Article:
Signs: A pest similar to mealy bugs are called scale insects. Instead of the white fuzzy they are solid brown or white and don’t move. They look like little dots on the leaves and they are raised so you can tell they aren’t just a mark on the leaf. These pests force the plant to slowly decline and can easily go unnoticed.
Treatment: To get rid of them you can pick them off or use a toothbrush to brush them off (if you notice a bump and are unable to scrape it off it is probably apart of the plant). Then generously spray Captain Jack’s DeadBug Brew onto the leaves to prevent them from coming back. Repeat after a few days and the scale insects should be gone.
Prevention: This particular pest are pretty difficult to prevent other than good care. Consistency check your plant to catch the infestation because it becomes uncontrollable.
Signs: Baby thrips are white and the adults pests are small, black, fast moving bugs. They thrive off of new growth so once you spot them, do not fertilize. They typically love flowering plants because they like to feed off the pollen sacks.
Treatment: Thrips are a frustrating pest to encounter and could take some time to get rid of but the faster you spot them, the better. First, you should remove all flowers so they cannot thrive much. Then, spray the leaves generously with Captain Jack’s DeadBug Brew. You may need to do this a few times to really keep them away.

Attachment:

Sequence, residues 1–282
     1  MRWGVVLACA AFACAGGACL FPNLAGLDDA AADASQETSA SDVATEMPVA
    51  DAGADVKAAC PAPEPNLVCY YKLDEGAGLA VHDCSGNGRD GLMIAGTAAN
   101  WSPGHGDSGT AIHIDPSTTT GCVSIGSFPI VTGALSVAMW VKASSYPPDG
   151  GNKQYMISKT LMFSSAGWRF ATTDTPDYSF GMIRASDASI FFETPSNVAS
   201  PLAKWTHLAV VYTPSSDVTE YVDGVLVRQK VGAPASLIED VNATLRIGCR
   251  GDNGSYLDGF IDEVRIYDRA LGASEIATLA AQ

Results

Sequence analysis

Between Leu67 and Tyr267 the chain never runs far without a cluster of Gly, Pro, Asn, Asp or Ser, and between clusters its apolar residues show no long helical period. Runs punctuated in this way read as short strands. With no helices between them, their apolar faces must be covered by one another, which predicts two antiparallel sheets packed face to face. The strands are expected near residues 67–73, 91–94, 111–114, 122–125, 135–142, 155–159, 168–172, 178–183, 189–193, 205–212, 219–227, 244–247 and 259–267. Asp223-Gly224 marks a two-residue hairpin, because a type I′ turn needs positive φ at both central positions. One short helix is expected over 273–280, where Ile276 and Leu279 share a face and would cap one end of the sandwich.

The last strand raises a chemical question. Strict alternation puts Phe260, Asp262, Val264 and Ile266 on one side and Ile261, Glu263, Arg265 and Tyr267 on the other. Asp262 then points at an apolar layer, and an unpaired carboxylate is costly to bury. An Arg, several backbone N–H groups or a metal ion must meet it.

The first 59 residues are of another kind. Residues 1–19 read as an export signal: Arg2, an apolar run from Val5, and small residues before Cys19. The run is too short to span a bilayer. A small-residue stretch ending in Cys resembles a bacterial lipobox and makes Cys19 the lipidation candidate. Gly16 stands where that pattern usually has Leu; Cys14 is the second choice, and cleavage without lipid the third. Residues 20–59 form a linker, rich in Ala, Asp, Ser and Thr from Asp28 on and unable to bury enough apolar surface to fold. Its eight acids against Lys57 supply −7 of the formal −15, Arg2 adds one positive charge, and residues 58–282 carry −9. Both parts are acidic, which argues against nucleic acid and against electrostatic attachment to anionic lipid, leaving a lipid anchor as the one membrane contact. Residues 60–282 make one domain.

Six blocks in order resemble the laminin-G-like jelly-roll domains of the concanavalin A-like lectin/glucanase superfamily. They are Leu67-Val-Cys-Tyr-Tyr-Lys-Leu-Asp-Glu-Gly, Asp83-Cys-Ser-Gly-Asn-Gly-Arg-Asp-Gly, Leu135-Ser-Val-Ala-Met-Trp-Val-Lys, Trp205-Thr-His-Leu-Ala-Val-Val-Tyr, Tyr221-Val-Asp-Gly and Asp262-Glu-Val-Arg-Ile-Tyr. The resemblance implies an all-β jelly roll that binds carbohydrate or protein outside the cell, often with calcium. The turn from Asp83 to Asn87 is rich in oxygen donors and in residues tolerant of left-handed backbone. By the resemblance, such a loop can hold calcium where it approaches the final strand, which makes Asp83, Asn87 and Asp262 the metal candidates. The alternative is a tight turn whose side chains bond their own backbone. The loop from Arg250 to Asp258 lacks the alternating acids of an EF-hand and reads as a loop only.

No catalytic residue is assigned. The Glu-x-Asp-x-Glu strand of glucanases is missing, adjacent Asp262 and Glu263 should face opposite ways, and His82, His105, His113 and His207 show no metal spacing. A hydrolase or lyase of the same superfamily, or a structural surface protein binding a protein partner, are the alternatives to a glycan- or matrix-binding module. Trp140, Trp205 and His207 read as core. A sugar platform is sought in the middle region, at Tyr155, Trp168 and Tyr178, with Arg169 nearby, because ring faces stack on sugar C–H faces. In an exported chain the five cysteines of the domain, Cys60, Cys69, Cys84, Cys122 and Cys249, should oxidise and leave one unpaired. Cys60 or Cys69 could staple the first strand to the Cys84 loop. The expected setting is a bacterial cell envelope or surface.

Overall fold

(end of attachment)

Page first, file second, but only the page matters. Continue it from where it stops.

Prevention: Similiar to scale insects, these pests are mysterious in their origin. Well cared for plants and plants kept at proper moisture levels and given proper humidty will be more pest-resistant. Check your plants frequently and if you notice leaves having a silverly streak or speckles that turn brown over time may be spotted before you notice the actual pest.
SIgns: These pests carry viruses that can easily spread so make sure to really quarantine a plant that is infested with aphids. They are found on new growth and are detectable to the naked eye. These pests may be black, red, yellow, or green. Because mother aphids have live births, they multiply rapidly so the sooner you catch them the better. Aphids force the plant leaves to curl under and become deformed.
Treatment: Spray the plant down with a jet hose to knock them off. IF they re caught early doing that could simply get rid of them. If the infestation is further along, spray the plant generously with Captain Jack’s DeadBug Brew. This may need to be done a few times to really get rid of them.
Prevention: Aphids are commonly found on outdoor plants and can easily hitch a ride from outdoor plants to indoor ones. If they are spotted, use caution bringing that plant around others and they spread easily.
Sources: “Houseplants The Complete Guide” Lisa Eldred Steinkopf
"Houseplants for all; how to fill any home with happy house plants" Danae Horst
Photos from google and in store